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Review: Potted Potter at Seymour Centre

Review by Lauren Donikian


Whether you have read the books, seen the movies, or have just heard about the boy wizard, there is no denying that Harry Potter has touched many generations. The audience is proof that you are never too old to believe in magic. 


Scott Hoatson and Brendan Murphy star in this slapstick comedy, with Hoatson playing the “straight man” and Murphy playing the “banana man”. Starring as themselves, the pair re-tell the seven books written by J.K Rowling in 70 minutes. Hoatson plays Harry Potter and Murphy plays everyone else… literally.


Written by Daniel Clarkson and Jefferson Turner, Potted Potter turns the Potter universe on its head by summarising each book as quickly as possible. Whether it is through a video on a screen, with a puppet, or through a song, the comedy never ends. With witty commentary that the adults in the audience love and audience participation that always get the kids excited the script allows its cast to be flexible and gives them the chance to improvise. If the moment arises. Something that I particularly enjoy is when the references used in the show relate to the location that they are performing in. The use of the name Peter Dutton got a few laughs.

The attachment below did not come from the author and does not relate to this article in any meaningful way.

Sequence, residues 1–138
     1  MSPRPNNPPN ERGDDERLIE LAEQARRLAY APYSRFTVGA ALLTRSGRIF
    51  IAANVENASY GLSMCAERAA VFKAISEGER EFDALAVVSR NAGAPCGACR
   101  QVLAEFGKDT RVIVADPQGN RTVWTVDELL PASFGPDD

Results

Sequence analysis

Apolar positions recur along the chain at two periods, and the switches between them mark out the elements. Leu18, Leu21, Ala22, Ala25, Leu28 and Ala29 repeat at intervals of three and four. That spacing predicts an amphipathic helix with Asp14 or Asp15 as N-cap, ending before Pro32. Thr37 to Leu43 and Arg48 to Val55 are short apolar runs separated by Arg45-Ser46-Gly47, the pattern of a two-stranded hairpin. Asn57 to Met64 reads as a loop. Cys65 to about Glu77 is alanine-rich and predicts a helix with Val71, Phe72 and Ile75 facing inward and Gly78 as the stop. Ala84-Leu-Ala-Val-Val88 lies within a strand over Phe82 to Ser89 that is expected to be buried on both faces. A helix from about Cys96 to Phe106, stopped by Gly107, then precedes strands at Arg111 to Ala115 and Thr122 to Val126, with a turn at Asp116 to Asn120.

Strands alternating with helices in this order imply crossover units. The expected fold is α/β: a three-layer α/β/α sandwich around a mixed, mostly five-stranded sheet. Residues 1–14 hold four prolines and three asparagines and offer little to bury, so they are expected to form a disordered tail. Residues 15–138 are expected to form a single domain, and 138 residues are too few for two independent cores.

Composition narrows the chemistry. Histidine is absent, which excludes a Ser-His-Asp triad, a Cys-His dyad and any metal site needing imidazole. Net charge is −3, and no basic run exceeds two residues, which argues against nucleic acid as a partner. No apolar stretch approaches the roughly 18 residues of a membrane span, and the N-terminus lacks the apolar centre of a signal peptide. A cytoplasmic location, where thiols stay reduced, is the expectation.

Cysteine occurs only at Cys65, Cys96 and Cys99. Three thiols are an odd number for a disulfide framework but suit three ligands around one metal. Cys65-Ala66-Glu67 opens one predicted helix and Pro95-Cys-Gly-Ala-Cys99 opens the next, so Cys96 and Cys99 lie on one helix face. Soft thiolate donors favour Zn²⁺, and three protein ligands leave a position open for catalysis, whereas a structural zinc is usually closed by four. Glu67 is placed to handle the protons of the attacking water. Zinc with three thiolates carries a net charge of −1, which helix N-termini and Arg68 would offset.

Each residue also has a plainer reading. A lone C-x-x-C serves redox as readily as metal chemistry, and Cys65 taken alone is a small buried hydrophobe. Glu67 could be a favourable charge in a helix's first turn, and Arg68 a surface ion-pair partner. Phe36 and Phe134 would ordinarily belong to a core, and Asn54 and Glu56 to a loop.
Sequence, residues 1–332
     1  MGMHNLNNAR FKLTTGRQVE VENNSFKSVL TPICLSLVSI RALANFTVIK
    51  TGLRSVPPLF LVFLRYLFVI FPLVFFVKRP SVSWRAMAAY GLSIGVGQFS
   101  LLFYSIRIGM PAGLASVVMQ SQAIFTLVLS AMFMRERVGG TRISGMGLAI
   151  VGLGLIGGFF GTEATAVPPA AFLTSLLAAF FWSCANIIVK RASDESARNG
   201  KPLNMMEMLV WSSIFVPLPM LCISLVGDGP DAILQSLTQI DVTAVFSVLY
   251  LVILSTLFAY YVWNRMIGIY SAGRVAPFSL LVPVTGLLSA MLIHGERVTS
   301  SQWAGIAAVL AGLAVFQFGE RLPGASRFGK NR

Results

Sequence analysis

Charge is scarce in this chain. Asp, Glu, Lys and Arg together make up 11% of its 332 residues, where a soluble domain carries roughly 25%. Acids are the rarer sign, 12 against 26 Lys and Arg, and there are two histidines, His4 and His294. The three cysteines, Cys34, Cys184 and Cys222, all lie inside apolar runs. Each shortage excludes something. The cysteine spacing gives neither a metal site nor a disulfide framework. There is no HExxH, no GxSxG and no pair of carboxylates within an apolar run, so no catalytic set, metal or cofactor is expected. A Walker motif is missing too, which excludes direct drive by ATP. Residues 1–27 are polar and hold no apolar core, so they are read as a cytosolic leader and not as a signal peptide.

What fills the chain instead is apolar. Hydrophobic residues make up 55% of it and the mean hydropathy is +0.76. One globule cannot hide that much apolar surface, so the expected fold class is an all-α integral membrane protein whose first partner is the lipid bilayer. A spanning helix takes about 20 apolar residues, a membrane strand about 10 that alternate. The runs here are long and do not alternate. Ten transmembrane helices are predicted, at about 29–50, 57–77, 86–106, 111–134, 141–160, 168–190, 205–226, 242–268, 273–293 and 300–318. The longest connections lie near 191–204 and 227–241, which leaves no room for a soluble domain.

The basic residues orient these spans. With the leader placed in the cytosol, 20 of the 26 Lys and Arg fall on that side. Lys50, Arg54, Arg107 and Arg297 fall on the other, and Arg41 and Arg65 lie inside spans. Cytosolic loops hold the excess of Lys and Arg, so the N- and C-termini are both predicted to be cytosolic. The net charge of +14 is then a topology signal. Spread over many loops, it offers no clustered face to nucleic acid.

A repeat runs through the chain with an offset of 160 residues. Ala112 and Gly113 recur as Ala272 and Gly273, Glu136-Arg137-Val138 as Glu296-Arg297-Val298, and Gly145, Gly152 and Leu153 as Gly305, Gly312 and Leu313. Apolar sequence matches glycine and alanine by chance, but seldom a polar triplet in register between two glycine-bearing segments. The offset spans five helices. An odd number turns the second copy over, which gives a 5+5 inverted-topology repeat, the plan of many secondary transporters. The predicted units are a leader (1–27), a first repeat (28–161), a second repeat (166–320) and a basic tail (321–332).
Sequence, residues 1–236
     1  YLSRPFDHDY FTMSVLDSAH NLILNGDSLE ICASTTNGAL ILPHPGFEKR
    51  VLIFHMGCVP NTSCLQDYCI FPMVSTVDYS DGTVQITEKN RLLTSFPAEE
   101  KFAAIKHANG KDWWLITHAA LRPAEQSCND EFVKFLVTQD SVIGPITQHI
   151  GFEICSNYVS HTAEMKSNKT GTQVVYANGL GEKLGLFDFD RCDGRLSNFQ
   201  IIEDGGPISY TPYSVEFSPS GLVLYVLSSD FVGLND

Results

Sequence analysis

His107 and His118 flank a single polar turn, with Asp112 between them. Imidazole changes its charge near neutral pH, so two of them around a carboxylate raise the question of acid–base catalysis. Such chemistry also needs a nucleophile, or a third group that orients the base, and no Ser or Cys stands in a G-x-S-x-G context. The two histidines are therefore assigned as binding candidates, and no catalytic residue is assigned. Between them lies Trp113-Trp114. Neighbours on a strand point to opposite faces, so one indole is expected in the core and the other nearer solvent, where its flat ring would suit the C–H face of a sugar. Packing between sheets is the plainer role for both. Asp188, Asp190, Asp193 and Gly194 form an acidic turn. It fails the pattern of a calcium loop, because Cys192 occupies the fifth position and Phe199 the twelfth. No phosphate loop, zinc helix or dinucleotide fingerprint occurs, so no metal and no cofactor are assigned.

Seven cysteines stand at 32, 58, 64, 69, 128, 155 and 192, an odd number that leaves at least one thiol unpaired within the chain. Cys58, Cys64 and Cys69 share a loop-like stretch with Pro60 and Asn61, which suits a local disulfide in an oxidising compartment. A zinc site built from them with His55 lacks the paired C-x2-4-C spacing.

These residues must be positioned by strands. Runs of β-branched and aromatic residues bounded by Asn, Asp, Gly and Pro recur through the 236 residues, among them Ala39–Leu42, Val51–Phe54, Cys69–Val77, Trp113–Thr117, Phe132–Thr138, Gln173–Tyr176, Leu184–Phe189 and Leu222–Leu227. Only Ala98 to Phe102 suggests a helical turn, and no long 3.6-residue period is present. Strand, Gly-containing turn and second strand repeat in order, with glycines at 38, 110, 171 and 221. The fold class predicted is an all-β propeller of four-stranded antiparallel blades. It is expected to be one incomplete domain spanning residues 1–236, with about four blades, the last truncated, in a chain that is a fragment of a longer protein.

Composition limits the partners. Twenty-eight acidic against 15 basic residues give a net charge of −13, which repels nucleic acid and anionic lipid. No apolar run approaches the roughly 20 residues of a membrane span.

Lighting designer Tim Mascall made the show flow by using a warm orange hue whilst the retelling of the books was being played out and changing it to a stage white when it was the duo talking to indicate that this was their time outside of the Potter World. Set designer Simon Scullion cleverly covered set pieces in a white cloth to enhance the wonder and the multiple uses of some of these pieces added to the laughs. The choices made for the wigs, masks and ‘costumes’ were so wrong that they were right. The use of smoke provided a sense of whimsy and of course terror when the stage was lit with red for ‘he who shall not be named’ was being portrayed. 


Hoatson and Murphy in their matching black t-shirt and jeans are effortless together and still find ways to make each other ‘break’ – even though they have toured this show for some time. The physical comedy that explodes from Murphy keeps you energised, and he feeds off that also. Being surprised by Australian audiences is one thing, but leaning in and taking advantage of it is something not everyone can do. Hoatson is a delight and plays the ever-loving Harry Potter fan convincingly, even without the lightning bolt scar on his forehead the casting couldn’t be more spot on. He is supportive of Murphy’s choices and plays along whilst still staying loyal to his character. Hoatson has a lot of clever one-liners that no muggle would understand, and he is very proud of that. 


Potted Potter really is a show for everyone, and the duo reflect that with one being a die-hard fan and one convincing the other that they know all about it. Using different story telling styles for each book keeps the audience engaged and the use of physical comedy just solidifies that the story of Harry Potter and his friends bring out the inner child in all of us. I mean, how often do you get to play a real game of Quidditch?  


Image Supplied


 

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